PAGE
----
Your email address will be used for Wildy’s marketing materials only. We will never give your email address to any third party.
Special Discounts for Pupils, Newly Called & Students
Browse Secondhand Online
Wildy's will be closed on Monday 29th May and will re-open on Tuesday 30th May.
Online book orders received during the time we are closed will be processed as soon as possible once we re-open on Tuesday.
As usual Credit Cards will not be charged until the order is processed and ready to despatch.
Any non-UK eBook orders placed after 5pm on the Friday 26th May will not be processed until Tuesday 30th May. UK eBook orders will be processed as normal.
This volume addresses the role of the judge and the parties in civil litigation in mainland China, Hong Kong and various European jurisdictions. It provides an overview and an analysis of how these respective roles have been changed in order to cope with growing caseloads and quality demands. It also shows the different approaches chosen in the jurisdictions covered. Mainland China is introducing far-reaching reforms in its system of civil litigation. From an inquisitorial procedure, in which the parties play a relatively minor role, the country is changing to a more adversarial system with increased powers for the parties. At the same time, case management and the role of the judge as it is understood in mainland China remains different from case management and the role of the judge in Western countries, mainly as regards the limited powers of individual Chinese judges in this respect.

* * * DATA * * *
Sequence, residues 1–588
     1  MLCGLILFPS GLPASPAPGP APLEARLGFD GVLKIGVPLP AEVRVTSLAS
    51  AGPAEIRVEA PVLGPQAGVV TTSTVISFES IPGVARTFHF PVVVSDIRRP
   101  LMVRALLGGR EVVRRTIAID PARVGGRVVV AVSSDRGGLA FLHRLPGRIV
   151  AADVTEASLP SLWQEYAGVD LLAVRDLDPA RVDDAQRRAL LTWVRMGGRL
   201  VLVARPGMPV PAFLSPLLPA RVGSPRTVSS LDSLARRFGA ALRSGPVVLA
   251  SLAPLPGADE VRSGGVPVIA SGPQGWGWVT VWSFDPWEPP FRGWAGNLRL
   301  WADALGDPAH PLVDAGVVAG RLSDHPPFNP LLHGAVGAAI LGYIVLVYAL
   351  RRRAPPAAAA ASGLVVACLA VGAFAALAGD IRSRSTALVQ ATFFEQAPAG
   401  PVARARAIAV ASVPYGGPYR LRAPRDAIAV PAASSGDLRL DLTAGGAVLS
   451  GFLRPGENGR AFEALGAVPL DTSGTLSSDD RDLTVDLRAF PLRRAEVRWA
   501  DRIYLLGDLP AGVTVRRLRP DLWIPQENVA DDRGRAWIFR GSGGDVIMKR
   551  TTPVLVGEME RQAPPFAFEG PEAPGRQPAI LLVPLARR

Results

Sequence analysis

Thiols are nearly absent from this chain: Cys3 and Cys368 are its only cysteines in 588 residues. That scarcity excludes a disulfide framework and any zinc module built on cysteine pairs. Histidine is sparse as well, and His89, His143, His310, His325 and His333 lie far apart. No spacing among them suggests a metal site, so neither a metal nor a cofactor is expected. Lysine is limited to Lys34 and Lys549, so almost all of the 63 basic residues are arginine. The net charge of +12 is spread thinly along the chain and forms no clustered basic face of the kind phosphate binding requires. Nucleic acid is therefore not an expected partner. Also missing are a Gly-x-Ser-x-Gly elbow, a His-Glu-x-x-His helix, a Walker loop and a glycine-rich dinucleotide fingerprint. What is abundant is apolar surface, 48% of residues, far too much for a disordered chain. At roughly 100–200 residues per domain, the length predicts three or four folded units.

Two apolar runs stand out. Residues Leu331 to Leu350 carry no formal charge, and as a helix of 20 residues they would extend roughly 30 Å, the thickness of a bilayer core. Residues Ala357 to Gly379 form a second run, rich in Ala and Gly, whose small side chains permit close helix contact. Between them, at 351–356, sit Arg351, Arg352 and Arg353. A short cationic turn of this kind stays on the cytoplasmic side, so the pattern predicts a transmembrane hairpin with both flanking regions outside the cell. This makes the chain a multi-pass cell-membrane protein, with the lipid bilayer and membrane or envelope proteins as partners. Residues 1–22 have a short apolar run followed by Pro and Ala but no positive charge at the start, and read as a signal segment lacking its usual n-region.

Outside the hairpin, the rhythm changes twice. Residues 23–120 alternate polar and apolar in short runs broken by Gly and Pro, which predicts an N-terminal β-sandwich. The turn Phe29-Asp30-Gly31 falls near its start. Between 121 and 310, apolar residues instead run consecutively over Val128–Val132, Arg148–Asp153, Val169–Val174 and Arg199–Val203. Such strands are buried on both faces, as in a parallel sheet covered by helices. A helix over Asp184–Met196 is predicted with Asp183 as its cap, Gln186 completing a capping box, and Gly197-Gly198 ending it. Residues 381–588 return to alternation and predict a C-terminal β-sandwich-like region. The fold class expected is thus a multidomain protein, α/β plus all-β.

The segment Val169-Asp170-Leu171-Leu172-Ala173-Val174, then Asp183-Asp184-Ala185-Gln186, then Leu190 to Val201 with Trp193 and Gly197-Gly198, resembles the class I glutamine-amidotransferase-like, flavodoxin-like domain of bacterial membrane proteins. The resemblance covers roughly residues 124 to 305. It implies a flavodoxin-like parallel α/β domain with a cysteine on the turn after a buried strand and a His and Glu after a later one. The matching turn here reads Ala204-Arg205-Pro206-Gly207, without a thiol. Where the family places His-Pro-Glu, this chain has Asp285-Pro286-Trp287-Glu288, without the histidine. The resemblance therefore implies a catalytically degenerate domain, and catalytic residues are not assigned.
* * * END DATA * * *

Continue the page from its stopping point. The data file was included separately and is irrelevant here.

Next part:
Changes in China are justified by the ever-increasing case load of the Chinese courts and the consequent inability to deal with cases in an adequate manner, even though generally speaking Chinese courts still adjudicate civil cases within a relatively short time frame (this may, however, be problematic when viewed from the perspective of the quality of adjudication). Growing caseloads and quality concerns may also be observed in various European states and Hong Kong. In these jurisdictions the civil procedural systems have a relatively adversarial character and it is some of the adversarial features of the existing systems of procedure which are felt to be problematic. Therefore, the lawmakers have opted for increasing the powers of the judge, often making the judge and the parties mutually responsible for the proper conduct of civil cases. Starting from opposite directions, mainland China and the various European states and Hong Kong could meet half way in their reform attempts. This is, however, only possible if a proper understanding is fostered of the developments in these different parts of the World. Even though in both China and Europe the academic community and lawmakers are showing a keen interest in the relevant developments abroad, a study addressing the role of the judge and the parties in civil litigation in both China and Europe is still missing. This book aims to fill this gap in the existing literature.